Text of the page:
process of oilwell cement slurries. The theo- retical relationship among conductivity, porosity, cement and that rapid hydration will reduce the risk of gas migration. Introduction The main purposes of oilwell cements hardening process of oilwell cement slurries is important for successful cementing operations. Several

Backe, Knut

171

HYPOTHERMIA Surviving the Cold  

E-print Network

), and fatigue are some of the main factors that can contribute to hypothermia. · Cold is the most common causeHYPOTHERMIA Surviving the Cold www.WorkSafebc.com #12;About the WCB Preventing on-the-job injury-HELP) toll-free in British Columbia. #12;1 Introduction Working in a cold environment ­ whether it be cold

Machel, Hans

172

Possible correlation between work-hardening and fatigue-failure  

NASA Technical Reports Server (NTRS)

Conceptual theory proposes that cyclic hardening due to non-uniform strain and stress amplitudes during testing, especially during the initial application of stress to a specimen, may correlate positively with the ultimate strength of the specimen under test.

Kettunen, P. O.; Kocks, U. F.

1969-01-01

173

7 CFR 58.622 - Hardening and storage rooms.  

Code of Federal Regulations, 2010 CFR

...and storage rooms. Hardening and storage rooms for frozen desserts shall be constructed of satisfactory material for...way should be provided to minimize heat shock of the frozen products. Equipment and...

2010-01-01

174

Stress corrosion cracking evaluation of precipitation-hardening stainless steel  

NASA Technical Reports Server (NTRS)

Accelerated test program results show which precipitation hardening stainless steels are resistant to stress corrosion cracking. In certain cases stress corrosion susceptibility was found to be associated with the process procedure.

Humphries, T. S.; Nelson, E. E.

1970-01-01

175

Beam Hardening Corrections in Quantitative Computed Tomography  

SciTech Connect

Volumetric computed tomography (VCT) is the emerging 3D NDE inspection technique that gives highest throughput and better image quality. Industrial components in general demands higher x-ray energy for inspection for which polychromatic x-ray sources are used in common. Polychromatic nature of the x-rays gives rise to non-linear effects in the VCT projection data measurements called to be the beam hardening (BH) effects. BH produces prominent artifacts in the reconstructed images thereby deteriorating the image quality. Quantitative analysis such as density quantification, dimensional analysis etc., becomes difficult with the presence of these artifacts. This paper describes the BH correction using preprocessing technique for the homogeneous materials. Selection of effective energy at which the monoenergetic linear attenuation coefficient of a particular material equals to that of the polyenergetic beam is critical for BH correction. Various methods to determine the effective energy and their consequence in the quantitative measurements have been investigated in the present study. In this paper, BH corrections for heterogeneous materials have also been explored.

Vedula, Venumadhav; Venugopal, Manoharan; Raghu, C.; Pandey, Pramod [John F. Welch Technology Centre, GE Global Research Centre, Bangalore, (India)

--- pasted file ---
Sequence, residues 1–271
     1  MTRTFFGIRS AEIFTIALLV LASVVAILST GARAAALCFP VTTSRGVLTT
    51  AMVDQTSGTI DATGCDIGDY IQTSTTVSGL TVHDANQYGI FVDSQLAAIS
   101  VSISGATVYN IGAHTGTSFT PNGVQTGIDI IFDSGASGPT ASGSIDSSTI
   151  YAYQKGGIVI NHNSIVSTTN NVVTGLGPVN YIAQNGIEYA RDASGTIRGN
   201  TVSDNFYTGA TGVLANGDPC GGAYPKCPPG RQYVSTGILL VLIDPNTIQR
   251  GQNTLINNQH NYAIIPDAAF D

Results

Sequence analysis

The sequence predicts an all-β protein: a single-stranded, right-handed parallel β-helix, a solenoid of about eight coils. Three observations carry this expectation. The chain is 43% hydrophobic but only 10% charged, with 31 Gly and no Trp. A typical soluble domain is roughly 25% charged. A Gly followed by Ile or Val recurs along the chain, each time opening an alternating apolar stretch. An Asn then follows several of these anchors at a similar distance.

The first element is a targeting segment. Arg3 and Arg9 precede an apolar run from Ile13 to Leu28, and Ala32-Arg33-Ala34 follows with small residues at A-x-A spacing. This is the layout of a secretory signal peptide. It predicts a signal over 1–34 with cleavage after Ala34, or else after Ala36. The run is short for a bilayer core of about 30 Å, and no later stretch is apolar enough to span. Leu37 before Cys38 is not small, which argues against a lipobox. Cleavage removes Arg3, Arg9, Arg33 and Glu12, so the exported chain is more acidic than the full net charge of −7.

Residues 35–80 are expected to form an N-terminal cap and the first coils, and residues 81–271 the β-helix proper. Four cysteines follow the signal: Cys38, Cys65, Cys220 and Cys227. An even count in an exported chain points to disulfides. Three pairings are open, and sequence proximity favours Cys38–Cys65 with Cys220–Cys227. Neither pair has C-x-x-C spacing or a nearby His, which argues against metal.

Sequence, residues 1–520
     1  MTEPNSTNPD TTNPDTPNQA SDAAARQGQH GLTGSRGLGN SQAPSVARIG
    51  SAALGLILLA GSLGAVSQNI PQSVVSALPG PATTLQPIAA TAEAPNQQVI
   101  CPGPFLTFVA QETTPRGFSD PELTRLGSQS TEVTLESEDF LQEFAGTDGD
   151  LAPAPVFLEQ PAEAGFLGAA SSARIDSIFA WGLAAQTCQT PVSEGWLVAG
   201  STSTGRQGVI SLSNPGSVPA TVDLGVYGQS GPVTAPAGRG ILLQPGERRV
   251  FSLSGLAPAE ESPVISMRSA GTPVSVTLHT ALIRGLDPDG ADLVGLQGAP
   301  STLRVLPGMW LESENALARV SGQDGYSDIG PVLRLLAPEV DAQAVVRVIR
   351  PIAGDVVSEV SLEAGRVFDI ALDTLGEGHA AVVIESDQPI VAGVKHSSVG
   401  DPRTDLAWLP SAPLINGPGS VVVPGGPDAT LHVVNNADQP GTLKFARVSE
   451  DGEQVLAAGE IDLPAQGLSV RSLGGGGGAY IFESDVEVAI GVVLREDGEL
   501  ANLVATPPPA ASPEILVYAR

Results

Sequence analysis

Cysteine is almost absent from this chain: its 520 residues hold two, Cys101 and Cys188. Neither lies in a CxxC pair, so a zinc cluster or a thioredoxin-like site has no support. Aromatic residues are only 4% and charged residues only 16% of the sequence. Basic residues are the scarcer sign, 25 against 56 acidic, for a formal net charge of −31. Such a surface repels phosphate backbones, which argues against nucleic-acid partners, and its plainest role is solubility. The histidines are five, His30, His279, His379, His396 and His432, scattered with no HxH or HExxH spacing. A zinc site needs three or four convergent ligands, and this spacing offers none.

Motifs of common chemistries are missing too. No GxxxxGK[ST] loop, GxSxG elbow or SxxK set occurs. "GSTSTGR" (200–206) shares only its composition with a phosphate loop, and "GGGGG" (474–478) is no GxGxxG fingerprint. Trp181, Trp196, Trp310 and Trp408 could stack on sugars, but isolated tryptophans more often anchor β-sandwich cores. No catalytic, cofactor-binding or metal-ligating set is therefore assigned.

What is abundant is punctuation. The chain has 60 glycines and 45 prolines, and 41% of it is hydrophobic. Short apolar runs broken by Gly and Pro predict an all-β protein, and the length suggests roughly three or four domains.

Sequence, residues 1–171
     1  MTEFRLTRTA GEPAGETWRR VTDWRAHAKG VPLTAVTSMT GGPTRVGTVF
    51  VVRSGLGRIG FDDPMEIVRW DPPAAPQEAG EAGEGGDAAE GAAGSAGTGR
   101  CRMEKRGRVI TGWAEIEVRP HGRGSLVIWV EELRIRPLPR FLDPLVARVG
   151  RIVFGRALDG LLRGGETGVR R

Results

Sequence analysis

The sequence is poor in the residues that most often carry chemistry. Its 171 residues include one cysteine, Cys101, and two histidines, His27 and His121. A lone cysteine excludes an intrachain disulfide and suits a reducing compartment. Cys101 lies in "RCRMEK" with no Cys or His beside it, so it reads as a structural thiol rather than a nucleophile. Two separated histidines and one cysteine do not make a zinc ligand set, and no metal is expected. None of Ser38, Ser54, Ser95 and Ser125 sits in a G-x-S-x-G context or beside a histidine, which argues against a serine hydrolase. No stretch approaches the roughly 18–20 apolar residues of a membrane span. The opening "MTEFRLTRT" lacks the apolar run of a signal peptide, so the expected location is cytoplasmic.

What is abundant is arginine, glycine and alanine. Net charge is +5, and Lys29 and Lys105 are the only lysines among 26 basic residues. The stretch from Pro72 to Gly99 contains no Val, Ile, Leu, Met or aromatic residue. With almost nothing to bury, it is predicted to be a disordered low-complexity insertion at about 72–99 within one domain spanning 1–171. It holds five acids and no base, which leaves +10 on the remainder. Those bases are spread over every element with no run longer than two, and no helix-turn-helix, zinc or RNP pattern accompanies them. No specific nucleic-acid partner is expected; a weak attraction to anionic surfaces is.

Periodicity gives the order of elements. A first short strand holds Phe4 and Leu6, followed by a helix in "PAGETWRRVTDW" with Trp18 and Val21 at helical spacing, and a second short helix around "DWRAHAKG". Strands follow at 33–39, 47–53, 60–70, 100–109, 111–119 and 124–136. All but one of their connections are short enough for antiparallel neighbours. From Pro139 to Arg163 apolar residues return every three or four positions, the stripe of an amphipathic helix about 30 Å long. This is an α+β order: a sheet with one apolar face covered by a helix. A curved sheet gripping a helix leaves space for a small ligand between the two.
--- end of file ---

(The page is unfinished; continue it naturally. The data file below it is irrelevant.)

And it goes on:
2007-03-21

176

Development of cosmic ray hardened power MOSFET's  

NASA Astrophysics Data System (ADS)

Developmental power DMOS (double-diffused metal-oxide-semiconductor) FETs were thoroughly characterized in a simulated cosmic-ray environment using heavy ions at the Brookhaven National Laboratory's tandem Van de Graaff accelerator facility. The primary failure mode encountered on FETs in this environment was susceptibility to single-event burnout. Burnout of the power DMOS FET was catastrophic. Another failure mode was single-event gate rupture. Although gate rupture is not as severe as burnout, its long-term effects are not known. Single-event gate rupture causes performance degradation due to increased gate leakage current. An increase in current can pose serious problems for applications that cannot compensate for the added performance degradation. Long-term reliability of the gate oxide may be affected, resulting in premature device failure. Numerous processing lots were fabricated to verify experimentally that each failure mode could be successfully minimized. Test results have shown that an n-channel, 150-V DMOS FET survived exposures to ions with linear energy transfers up to 80 MeV-sq cm/mg. Hardening approaches are discussed, including their advantages and disadvantages in relation to the FET's performance.

Titus, Jeffrey L.; Jamiolkowski, Linda S.; Wheatley, C. Frank

1989-12-01

177

Radiation-hardened bulk Si-gate CMOS microprocessor family  

Microsoft Academic Search

RCA and Sandia Laboratories jointly developed a radiation-hardened bulk Si-gate CMOS technology which is used to fabricate the CDP-1800 series microprocessor family. Total dose hardness of 1 x 10 rads (Si) and transient upset hardness of 5 x 10 rads (Si)\\/sec with no latch up at any transient level was achieved. Radiation-hardened parts manufactured to date include the CDP-1802 microprocessor,

R. E. Stricker; A. G. F. Dingwall; S. Cohen; J. R. Adams; W. C. Slemmer

1979-01-01

178

Strain hardening of fcc metal surfaces induced by microploughing  

SciTech Connect

Microploughing experiments were used as a method for better understanding the ploughing mechanism in gold and iridium single crystals. The plough depths ranged from 20 nm in iridium to 1,600 nm in gold. Yield stress profiles and TEM analyses indicate that both materials strain harden even when very small volumes of material are involved. Strain hardening theory, as applied to bulk material, is useful in analyzing the results.